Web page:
Top Tips to Help Prevent Hearing Loss

Hearing loss is not always preventable, but there are steps that you can take to help prevent it. Follow these tips to help reduce your risk of hearing loss.

1. Prevent noise induced hearing loss

Noise induced hearing loss can be caused by exposure to loud environments, whether at work, in a social environment or while engaging in sports. The positive thing about noise induced hearing loss is that it can be completely preventable by taking some simple steps to protect your ears:

  • Wear hearing protection such as earmuffs or earplugs
  • Move away from the direct source of loud noises
  • Try to take a break from the noise every 15 minutes
  • Give your hearing about 18 hours to recover after exposure to lots of loud noise

2. Be aware of how loud your surroundings are

Noise levels are measured in decibels (dB); the higher the number, the louder the noise. Sounds over 85dB can be harmful to your hearing, particularly if you are exposed to this level for a prolonged period of time. Common decibels that you may experience in your everyday life are:

  • Whispering – 30dB
  • Conversation – 60dB
  • Busy traffic – 70 to 85dB
  • Motorbike – 90dB
  • Listening to music on full volume through headphones – 100 to 110dB
  • Plane taking off – 120dB

There are smartphone apps that can help to measure noise levels. While these are a great method to monitor how loud your surroundings are, ensure that the app is configured correctly to provide a more accurate reading.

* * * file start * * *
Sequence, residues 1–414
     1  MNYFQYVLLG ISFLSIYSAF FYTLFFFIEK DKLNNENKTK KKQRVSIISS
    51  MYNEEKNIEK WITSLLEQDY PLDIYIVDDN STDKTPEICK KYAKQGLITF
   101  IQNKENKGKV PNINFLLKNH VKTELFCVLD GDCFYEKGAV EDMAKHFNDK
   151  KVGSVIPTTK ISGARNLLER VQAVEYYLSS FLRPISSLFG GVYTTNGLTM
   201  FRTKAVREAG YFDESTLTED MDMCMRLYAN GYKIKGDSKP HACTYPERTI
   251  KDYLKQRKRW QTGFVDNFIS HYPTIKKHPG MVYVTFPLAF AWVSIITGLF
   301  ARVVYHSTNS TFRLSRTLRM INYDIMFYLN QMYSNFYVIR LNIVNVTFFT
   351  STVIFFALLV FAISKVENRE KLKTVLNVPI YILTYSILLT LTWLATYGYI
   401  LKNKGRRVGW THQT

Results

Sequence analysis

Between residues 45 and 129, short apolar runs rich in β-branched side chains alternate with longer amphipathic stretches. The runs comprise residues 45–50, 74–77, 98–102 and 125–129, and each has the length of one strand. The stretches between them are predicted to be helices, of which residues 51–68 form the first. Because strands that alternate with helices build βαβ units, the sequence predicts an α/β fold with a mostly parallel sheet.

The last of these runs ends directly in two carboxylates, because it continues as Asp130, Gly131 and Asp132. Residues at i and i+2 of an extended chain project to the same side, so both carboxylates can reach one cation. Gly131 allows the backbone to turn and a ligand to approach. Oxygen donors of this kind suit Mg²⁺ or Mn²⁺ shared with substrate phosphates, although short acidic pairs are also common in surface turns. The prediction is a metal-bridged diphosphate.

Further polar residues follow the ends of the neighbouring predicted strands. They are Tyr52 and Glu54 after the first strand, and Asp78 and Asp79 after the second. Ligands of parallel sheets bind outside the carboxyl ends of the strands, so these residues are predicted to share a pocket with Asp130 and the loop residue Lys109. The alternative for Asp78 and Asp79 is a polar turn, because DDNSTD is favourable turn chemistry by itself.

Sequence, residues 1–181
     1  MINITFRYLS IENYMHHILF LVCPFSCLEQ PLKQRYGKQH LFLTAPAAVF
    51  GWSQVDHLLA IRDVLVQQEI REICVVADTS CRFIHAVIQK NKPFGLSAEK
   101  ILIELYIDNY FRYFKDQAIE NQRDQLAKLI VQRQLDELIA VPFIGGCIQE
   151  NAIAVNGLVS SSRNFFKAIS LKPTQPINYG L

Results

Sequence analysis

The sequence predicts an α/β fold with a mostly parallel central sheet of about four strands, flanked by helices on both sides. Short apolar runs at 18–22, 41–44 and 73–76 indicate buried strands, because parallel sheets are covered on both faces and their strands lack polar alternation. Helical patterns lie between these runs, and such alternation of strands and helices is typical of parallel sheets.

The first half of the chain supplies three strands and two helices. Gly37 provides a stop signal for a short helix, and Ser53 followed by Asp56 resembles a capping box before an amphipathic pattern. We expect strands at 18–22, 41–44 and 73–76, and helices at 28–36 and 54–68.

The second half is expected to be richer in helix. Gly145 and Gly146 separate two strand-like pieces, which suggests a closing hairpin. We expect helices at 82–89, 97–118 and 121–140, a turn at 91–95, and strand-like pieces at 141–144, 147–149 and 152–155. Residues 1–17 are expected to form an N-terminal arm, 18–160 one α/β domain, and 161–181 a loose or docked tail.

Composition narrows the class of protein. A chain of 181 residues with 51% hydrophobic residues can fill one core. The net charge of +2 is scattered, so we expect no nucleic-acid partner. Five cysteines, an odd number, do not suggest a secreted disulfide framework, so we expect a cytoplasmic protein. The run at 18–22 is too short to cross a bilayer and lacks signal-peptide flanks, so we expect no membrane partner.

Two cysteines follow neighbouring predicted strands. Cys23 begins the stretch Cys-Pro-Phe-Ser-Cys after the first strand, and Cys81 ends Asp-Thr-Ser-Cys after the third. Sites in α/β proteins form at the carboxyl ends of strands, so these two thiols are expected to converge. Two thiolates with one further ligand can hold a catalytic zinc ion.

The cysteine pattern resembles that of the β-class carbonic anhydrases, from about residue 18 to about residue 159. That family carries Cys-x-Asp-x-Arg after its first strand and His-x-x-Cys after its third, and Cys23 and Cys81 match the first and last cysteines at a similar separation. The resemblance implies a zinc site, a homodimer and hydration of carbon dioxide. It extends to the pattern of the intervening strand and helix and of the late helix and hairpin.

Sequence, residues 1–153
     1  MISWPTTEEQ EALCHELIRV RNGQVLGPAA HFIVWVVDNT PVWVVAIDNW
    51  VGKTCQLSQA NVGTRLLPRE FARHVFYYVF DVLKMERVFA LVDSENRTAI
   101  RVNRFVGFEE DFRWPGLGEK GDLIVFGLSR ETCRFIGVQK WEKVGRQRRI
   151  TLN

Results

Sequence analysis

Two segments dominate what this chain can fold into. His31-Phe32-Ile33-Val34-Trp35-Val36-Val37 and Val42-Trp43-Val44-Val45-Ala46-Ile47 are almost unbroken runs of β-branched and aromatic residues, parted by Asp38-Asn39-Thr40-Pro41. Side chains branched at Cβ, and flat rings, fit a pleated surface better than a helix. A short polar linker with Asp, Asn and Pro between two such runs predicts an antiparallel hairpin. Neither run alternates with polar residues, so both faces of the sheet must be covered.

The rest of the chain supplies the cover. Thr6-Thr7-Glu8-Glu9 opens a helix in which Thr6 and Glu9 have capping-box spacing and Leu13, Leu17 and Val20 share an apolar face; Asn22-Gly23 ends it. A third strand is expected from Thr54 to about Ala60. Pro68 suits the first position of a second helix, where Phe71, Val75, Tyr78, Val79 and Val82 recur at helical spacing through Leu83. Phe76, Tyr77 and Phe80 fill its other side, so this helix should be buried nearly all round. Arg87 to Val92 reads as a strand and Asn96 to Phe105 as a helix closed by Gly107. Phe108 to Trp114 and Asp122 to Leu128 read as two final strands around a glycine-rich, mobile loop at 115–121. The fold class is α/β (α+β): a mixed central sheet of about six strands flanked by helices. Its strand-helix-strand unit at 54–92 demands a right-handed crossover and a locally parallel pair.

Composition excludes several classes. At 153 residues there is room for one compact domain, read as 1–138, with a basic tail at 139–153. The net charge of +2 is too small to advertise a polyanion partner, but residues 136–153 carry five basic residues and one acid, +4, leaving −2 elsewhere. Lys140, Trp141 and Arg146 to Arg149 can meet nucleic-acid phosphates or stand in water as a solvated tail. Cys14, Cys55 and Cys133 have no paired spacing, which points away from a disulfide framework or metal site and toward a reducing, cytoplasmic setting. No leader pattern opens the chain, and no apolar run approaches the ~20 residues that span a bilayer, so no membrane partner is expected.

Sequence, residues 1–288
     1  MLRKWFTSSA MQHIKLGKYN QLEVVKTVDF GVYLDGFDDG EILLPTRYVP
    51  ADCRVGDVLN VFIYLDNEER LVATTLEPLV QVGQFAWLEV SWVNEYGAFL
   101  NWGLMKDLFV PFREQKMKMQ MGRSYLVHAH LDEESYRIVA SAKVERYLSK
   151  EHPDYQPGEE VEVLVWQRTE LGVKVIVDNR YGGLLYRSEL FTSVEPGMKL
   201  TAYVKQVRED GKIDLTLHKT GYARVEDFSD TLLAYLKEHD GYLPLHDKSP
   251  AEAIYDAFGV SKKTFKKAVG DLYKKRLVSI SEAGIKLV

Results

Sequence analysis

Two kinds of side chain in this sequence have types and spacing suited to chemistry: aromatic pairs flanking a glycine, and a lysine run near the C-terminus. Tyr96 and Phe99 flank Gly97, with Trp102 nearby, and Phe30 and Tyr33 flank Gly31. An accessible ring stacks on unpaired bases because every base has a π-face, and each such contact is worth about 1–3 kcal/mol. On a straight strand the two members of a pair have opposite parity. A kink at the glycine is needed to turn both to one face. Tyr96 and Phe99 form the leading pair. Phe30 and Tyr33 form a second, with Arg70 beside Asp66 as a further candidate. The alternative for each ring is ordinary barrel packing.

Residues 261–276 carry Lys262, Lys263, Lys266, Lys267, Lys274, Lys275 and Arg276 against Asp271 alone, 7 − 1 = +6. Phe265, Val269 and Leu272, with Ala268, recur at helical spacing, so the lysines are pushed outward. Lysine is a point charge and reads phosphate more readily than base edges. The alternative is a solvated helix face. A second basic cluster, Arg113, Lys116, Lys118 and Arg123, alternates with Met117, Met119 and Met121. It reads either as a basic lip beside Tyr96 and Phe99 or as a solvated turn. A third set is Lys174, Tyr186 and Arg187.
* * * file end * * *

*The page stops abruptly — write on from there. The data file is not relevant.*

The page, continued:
3. Know the warning signs

Hearing loss rarely strikes unannounced. Warning signs that you have been exposed to a dangerous level of noise include:

  • You experience ringing, buzzing or humming in your ears following exposure to noise.
  • You can hear people talking, but struggle to understand what they are saying after being in a noisy environment.
  • Your ears feel “full” after leaving a noisy area, such as a music gig or nightclub.

4. Get your hearing checked regularly

If you’re at higher risk of noise induced hearing loss, consider annual hearing check-ups. The earlier hearing loss is picked up, the earlier something can be done about it.

These tips can help you to prevent hearing loss. If you are concerned that you may have been exposed to dangerous noise levels and may be suffering from hearing loss, click here to book a consultation with our audiologist today, or contact us on (212) 786-5741.

The Link Between Hearing Loss & Heart Disease

If the eyes are a window to the soul, then perhaps we should say that the ears can be a window to the heart. Recent studies have identified a link between cardiovascular health and hearing health.The implications for adults over the age of 40 mean that those who are at risk of heart disease also need to get their hearing tested regularly.

The Prevalence of Heart Disease

Heart disease is the leading cause of death for men and women in the US (it represents about one in four deaths). Every year, about 735,000 Americans suffer a heart attack, and for three-quarters of these people, they’re experiencing a heart attack for the first time. Preventing heart disease and heart attacks becomes increasingly vital as we age, which parallels the need to stay vigilant about changes to hearing health.

How Does Heart Health Relate to Hearing?

The inner ear’s delicate response to blood flow means that it can exhibit physiological changes quite quickly. Abnormal blood flow such as trauma to the blood vessels or reduced blood circulation could present through changes in hearing. Poor circulation to the inner ear causes a reduction of oxygenated blood to the area which can lead to damage (resulting in permanent hearing loss).

Therefore, maintaining good cardiovascular fitness contributes positively to hearing health by supporting strong, oxygenated blood flow through the body. And paying attention to changes in hearing can be an extra early line of defense against heart disease.

Dealing with Hearing Loss